Graduate Certification Program Targets Childhood Obesity
Using interdisciplinary approach
Source Newsroom: South Dakota State University
Newswise — One-third of all children and adolescents in the United States are overweight or obese. In South Dakota, 32.5 percent of children ages 5 to 19 are overweight or obese. Among Native American children in the state, that number is 48.1 percent.
Combating this childhood obesity epidemic will require the skills of a wide range of experts, says South Dakota State University associate professor of health and nutritional sciences Jessica Meendering.
To accomplish this, Meendering and her team are collaborating with the University of Nebraska-Lincoln to offer a Transdisciplinary Childhood Obesity Prevention graduate certificate program, referred to as TOP.
Networking with professionals
“Our goal is to have people think more broadly about obesity than nutrition and exercise,” says Meendering, who is SDSU’s principal investigator. The program brings together experts in a variety of disciplines, such as nutrition, exercise science, early childhood education, statistics, nursing, family development and counseling.
Development of the TOP graduate certification program, which began in 2011, is supported by a five-year, $4.1 million grant from the Agriculture and Food Research Initiative. This is part of the U.S. Department of Agriculture’s effort to prevent childhood obesity, educate youth about proper nutrition and connect experts and communities.
Meendering calls it, “bringing people together to work towards one common goal -- to solve the problem.”
Others on the SDSU team are Extension associate and grant coordinator Becky Jensen, professor Kendra Kattelmann and associate professor Elizabeth Droke, both of health and nutritional sciences, associate professor Howard Wey of nursing, assistant professor Mary Bowne of teaching, learning and leadership and Suzanne Stluka, food and families program director for Extension.
Emphasizing experiential learning
The program has three components: education, research and service, referred to as experiential learning. Graduate students must take at least nine credits of child obesity prevention coursework to qualify for the graduate certificate.
Faculty at the two universities work together to teach the classes, Meendering explains. SDSU leads the fall class, while University of Nebraska-Lincoln handles the spring course. The students meet face-to-face at each university and then the two groups interact using technology during the class. In addition to SDSU and UNL, students from the University of Nebraska-Kearny participate in TOP courses.
The most unique aspect of the program is the emphasis on learning through community engagement. That’s where SDSU Extension comes in, providing experiential learning opportunities through interactions among the students and community members.
For instance, graduate students Celine Kabala, Alyssa Koens and Megan Lauseng became involved with the Harvest Table, a nonprofit organization that serves a weekly no-cost meal to those in need in Brookings. The students created a notebook of resources for the Harvest Table that will address scheduling, food safety, menu ideas with quantity resources and safe handling of leftover food.
Stluka has spearheaded experiential learning to help communities create a sustainable wellness plan specifically tailored to their needs through the formation of wellness coalitions, a diverse group of community members with a vested interested in promoting wellness within their communities. Four TOP students worked on implementing a wellness coalition last fall in southwestern South Dakota, and the project will continue to grow and develop.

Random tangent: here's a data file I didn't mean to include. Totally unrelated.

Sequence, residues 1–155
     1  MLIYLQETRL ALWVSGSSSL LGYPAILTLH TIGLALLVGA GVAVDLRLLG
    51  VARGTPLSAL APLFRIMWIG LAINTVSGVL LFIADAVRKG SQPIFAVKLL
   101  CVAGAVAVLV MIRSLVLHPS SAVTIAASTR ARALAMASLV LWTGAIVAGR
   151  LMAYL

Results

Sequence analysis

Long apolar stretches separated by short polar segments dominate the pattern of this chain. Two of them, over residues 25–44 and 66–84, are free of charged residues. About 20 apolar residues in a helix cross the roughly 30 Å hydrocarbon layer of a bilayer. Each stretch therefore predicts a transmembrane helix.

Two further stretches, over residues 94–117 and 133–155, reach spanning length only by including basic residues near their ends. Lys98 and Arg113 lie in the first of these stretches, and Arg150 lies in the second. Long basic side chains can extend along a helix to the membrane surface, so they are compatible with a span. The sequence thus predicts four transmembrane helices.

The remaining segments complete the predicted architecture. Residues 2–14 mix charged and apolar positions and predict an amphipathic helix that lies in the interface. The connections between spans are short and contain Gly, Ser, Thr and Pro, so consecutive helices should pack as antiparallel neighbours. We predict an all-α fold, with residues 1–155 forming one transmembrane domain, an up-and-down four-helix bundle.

Improving students’ skills, marketability
“These students get a lot of real-world experience working in teams with people from other disciplines,” explains Meendering. And the TOP students agree that networking will help them in their careers.
“It’s all about marketability, anything that can increase your list of skills is always a plus,” says Emily Huber. For her thesis, Huber will determine whether participating in KidQuest, which promotes healthy food choices and exercise, has affected the physical activity levels of 400 fifth- and sixth-graders.
Graduate students Kabala and Koens, who worked with the Harvest Table, are evaluating the impact of i-Cook 4-H, a program that teaches low-income families and their children how to make meals with the proper balance of fruit, vegetables, whole grains and lean meat on a limited budget.
The pilot program, aimed at 9- and 10-year olds, is being tested in five states—South Dakota, Nebraska, Tennessee, West Virginia and Maine, through a five-year USDA grant. Nutrition expert Kattelmann supervises their work.
“As dieticians, we usually look at physical activity and nutrition and a little bit of genetics,” says Kabala. “Through this program, we learn about different angles that contribute to childhood obesity.”
For more information on TOP, got to http://www.sdstate.edu/hns/graduate-programs/top.
About Transdisciplinary Obesity Prevention (TOP)
This project was supported by the Agriculture and Food Research Initiative (AFRI) Grant no. 2011‐67002‐30202 from the USDA National Institute of Food and Agriculture.
About South Dakota State University
Founded in 1881, South Dakota State University is the state’s Morrill Act land-grant institution as well as its largest, most comprehensive school of higher education. SDSU confers degrees from eight different colleges representing more than 175 majors, minors and specializations. The institution also offers 29 master’s degree programs, 12 Ph.D. and two professional programs.
The work of the university is carried out on a residential campus in Brookings, at sites in Sioux Falls, Pierre and Rapid City, and through Cooperative Extension offices and Agricultural Experiment Station research sites across the state.